The Kuriheka Collection of British Medals
Colonel Joseph Cowie Nichols, C.B.E., V.D., J.P (1859 - 1954)
Colonel Joseph Cowie Nichols, known as 'Cowie Nichols' or to his family as 'the Colonel', was a gentleman farmer, community leader, public benefactor an a volunteer Army officer. In addition, he was one of the founding fathers, if not the father, of medal collecting in New Zealand.
He was born at Launceston, Tasmania, on 14 April 1859, the son of Charles Nichols and his wife, Mary, daughter of Robert Cowie. The family settled in New Zealand in 1869 and Cowie Nichols was educated at Otago Boys' High School, Dunedin (1872) and Christ's College, Christchurch (1877). Following the death of his father in 1578 the family moved to England where he was enrolled at Jesus College, Cambridge (1879-82) but he did not graduate. On returning to New Zealand he farmed at Riverton in Southland for two years (1882-4) before establishing, in 1885, the Kuriheka station, of some 23,700 acres, inland from Maheno, in North Otago. Stevan Eldred-Crigg in A Southern Gentry: New Zelanders who Inherited the Earth (1980) wrote 'Colonel Joseph Cowie Nichols during 1903 bought a 1,240 acre farm in Southland. In the next eighteen months he bought out four local farmers, acquired several thousand acres of grazing land and then, in 1905, rounded it off by buying out another cockatoo. The result by the end of 1905 was that he had established the Fairplace estate, of 18,700 acres.' He was active in farming and local organisations and was a Justice of the Peace.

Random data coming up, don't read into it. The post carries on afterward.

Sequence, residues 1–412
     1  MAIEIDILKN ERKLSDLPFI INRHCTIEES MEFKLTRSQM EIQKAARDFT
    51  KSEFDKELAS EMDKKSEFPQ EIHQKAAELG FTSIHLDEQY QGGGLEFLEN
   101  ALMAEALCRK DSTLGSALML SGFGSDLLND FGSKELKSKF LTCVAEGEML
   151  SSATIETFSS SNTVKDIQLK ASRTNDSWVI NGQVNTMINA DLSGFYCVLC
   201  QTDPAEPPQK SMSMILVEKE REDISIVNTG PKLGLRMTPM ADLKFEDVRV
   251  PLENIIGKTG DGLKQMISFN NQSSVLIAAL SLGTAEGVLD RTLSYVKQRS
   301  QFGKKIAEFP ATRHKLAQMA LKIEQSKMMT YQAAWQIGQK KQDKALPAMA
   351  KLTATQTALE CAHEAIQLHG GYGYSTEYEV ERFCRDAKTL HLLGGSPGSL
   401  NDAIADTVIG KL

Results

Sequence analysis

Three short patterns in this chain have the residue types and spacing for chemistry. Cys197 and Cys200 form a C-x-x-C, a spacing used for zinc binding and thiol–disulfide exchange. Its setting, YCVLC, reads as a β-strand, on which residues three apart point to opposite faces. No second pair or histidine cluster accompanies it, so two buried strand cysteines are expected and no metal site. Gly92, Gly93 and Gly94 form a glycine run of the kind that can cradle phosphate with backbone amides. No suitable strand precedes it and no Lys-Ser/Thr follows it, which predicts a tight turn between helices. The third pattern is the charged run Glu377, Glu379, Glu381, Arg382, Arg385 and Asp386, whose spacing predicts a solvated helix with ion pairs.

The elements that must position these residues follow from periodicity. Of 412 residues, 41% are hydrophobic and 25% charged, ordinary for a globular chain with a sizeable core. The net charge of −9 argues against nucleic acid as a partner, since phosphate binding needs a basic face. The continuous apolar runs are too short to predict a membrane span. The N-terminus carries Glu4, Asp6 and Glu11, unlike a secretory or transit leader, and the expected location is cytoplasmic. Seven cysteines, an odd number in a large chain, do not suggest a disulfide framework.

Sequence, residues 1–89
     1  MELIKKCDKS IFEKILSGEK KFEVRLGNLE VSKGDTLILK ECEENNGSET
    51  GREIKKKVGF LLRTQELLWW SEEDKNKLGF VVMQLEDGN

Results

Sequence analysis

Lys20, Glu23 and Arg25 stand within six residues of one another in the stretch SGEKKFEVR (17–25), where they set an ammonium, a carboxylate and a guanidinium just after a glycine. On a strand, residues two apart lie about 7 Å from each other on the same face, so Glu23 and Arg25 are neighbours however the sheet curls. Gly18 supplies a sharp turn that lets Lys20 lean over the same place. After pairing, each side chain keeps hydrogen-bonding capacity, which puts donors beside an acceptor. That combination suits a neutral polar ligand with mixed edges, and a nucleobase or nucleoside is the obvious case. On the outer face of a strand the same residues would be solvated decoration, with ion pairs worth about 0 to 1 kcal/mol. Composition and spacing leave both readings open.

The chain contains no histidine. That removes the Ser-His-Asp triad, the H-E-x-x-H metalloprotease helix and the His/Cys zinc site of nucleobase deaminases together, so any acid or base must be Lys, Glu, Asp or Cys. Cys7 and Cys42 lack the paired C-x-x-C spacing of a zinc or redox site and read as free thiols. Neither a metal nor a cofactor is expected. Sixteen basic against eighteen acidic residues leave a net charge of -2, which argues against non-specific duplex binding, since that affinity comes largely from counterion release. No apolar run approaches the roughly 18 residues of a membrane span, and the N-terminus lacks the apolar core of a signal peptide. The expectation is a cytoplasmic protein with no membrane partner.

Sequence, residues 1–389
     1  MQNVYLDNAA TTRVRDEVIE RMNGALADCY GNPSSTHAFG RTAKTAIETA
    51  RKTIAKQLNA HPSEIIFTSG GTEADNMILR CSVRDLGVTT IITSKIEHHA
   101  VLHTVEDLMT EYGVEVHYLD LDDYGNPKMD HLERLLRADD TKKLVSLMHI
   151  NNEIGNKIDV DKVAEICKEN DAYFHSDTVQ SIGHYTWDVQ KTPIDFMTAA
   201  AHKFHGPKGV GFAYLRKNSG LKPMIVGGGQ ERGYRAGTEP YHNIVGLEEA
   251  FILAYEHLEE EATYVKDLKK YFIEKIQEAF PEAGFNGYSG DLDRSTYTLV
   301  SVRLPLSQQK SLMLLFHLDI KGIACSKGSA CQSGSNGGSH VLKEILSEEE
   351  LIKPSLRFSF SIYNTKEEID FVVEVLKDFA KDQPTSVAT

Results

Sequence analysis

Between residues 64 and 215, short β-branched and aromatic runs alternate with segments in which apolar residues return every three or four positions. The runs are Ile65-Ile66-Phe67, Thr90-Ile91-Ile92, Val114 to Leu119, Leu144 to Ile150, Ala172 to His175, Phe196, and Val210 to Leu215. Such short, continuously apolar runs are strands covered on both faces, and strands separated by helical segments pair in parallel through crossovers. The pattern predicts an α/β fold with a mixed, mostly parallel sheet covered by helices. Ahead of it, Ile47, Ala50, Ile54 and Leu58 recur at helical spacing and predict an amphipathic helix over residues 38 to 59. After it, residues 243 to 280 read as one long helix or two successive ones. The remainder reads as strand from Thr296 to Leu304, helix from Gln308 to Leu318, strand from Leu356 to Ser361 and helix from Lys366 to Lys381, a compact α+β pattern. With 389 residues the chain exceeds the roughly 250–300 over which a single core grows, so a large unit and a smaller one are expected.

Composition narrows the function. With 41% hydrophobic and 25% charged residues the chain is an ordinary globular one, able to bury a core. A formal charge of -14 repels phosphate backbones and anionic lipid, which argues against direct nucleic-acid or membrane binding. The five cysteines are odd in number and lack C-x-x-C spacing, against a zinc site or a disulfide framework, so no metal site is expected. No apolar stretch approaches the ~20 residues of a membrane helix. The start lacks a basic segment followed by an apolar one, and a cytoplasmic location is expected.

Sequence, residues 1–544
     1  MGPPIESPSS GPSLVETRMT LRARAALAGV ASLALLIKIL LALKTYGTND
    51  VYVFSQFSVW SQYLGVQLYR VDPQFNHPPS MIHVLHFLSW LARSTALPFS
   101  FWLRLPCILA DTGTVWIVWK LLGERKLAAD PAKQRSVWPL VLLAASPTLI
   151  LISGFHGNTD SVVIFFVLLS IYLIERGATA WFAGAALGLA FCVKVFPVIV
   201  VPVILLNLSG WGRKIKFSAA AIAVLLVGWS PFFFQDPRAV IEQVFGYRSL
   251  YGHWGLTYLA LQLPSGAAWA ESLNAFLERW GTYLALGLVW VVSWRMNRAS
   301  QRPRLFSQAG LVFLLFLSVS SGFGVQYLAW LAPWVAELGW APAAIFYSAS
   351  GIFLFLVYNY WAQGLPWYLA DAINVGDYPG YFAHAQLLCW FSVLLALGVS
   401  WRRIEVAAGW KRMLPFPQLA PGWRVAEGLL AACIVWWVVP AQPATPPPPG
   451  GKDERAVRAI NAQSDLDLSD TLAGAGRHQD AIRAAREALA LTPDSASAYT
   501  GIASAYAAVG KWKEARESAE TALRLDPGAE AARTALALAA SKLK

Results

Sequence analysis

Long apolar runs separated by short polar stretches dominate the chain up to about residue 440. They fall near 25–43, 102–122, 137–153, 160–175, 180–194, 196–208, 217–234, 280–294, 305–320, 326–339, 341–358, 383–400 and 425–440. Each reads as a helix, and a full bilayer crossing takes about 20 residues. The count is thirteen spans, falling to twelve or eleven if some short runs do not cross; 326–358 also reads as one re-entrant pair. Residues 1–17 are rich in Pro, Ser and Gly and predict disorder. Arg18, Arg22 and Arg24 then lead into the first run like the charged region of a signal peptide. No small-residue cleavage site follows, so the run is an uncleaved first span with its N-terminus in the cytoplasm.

Nichols developed an interest in military matters as a member of the Otago Boys' High Cadets and for his excellence between 1874 and 1876 was awarded the Sir John Richardson Medal. During 1878-9 he was a member of B Battery (Dunedin), New Zealand Field Artillery Volunteers. In 1886 Nichols was appointed a Lieutenant in the North Otago Hussars. He was promoted to Captain in 1897 and posted to the North Otago Mounted Rifles. In 1900 he was on the selection committee for the 4th New Zealand Contingent to be dispatched to the war in South Africa. During the 1901 visit to New Zealand of the Duke and Duchess of Cornwall and York (later King George V and Queen Mary), Nichols commanded the Duke's Escort. In 1902 he was promoted Major, and shortly afterwards Lieutenant Colonel, with command of the 1st Regiment of the Otago Mounted Rifles. He was given command of the Otago Mounted Rifles Brigade and promoted Colonel in 1911, holding this appointment until 1919. In addition, from 1914 to 1919 he was Commanding Officer of the Otago Military District. From 1913 to 1920 Nichols was an Honorary Aide-de-Camp to the Governor, later Governor-General, of New Zealand, the Earl of Liverpool. In 1920 he was posted to the retired list with permission to retain his rank and wear a uniform.